(190v) Rheological Response of Chromatin to DNA Damage | AIChE

(190v) Rheological Response of Chromatin to DNA Damage


Whitefield, D. - Presenter, Carnegie Mellon University
Dahl, K. N., Carnegie Mellon University
Lan, L., University of Pittsburgh - Hillman Cancer Center
Peyton, S., University of Massachusetts

Response of Chromatin to DNA Damage

B. Whitefield, Li Lan, Shelly Peyton, Kris Noel Dahl



            The DNA
within the nucleus of a cell is packaged with histones and other proteins to
form chromatin. Chromatin acts as a viscoelastic polymer network that displays
power law behavior in response to perturbations including DNA damage and
stresses applied through cell motility or mechanotransduction. The effects of
DNA damage upon the rheology of the chromatin network is a controversial topic
in the literature of biophysics with some studies yielding results that support
increased mobility of chromatin after damage is induced while other studies
yield results that support decreased mobility. In this study, we implement a
technique that allows for site-specific probing of chromatin in two distinct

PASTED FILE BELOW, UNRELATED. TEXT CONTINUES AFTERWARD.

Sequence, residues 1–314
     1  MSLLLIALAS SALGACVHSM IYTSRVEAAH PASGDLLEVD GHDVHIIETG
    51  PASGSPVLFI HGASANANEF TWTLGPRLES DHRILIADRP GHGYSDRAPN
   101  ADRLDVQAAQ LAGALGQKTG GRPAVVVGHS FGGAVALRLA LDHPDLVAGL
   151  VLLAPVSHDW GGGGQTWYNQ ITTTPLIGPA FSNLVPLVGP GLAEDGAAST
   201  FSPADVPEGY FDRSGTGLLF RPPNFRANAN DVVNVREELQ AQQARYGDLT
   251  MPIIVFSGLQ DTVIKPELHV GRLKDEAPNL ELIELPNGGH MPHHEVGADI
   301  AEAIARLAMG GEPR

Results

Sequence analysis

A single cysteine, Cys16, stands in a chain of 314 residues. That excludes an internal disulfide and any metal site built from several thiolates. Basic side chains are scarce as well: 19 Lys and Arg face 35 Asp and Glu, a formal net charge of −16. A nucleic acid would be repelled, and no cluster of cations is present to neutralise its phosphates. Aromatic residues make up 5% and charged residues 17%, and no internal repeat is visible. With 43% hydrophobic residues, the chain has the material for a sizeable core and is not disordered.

functional regimes. We utilize particle tracking microrheology to measure the
Mean Squared Displacements of fluorescently labeled proteins bound to these
distinct regions of chromatin and fit this to a power law model that allows us
to extract biophysical parameters, such as force propagation and chromatin
decondensation, that yield much more detailed information than simple
comparisons of motion. We find differences in mobility between the two regimes
in the absence of DNA damage. In the presence of DNA damage, the two regions display
similar mobility. We further report that the biophysical properties of damage
sites evolve over time. This manifests as a reduction of force propagation and an
increase in chromatin decondensation within these regions. We suggest that these
rheological changes could be advantageous to DNA damage repair mechanisms by
preventing broken ends of Double Strand Breaks from migrating away from each
other and allowing greater access of repair factors. Lastly, we report more
recent data comparing rheological changes in the chromatin networks of three
different breast cancer cell lines after treatment with two different
chemotherapy drugs as well as differences between cell lines. Overall, this
work begins to elucidate the rheological properties related to the DNA damage
response in different chromatin regimes, times post-damage, sources of damage,
and cell lines.